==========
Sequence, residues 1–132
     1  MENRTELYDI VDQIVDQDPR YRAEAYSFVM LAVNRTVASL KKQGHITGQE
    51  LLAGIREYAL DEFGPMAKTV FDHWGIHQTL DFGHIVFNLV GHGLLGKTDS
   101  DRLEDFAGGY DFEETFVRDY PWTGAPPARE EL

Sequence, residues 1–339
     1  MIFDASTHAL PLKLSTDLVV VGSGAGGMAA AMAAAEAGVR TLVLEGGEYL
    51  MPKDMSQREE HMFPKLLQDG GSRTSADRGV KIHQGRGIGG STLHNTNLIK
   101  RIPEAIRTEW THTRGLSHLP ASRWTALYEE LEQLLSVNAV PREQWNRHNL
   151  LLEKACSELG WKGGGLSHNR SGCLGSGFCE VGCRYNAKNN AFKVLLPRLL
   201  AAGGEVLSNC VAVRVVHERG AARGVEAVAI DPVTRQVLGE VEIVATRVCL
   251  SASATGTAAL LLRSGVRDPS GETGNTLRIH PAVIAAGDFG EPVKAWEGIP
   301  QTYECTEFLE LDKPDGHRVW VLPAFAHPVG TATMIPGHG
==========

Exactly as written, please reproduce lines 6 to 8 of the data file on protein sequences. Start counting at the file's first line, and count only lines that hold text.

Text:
     1  MIFDASTHAL PLKLSTDLVV VGSGAGGMAA AMAAAEAGVR TLVLEGGEYL
    51  MPKDMSQREE HMFPKLLQDG GSRTSADRGV KIHQGRGIGG STLHNTNLIK
   101  RIPEAIRTEW THTRGLSHLP ASRWTALYEE LEQLLSVNAV PREQWNRHNL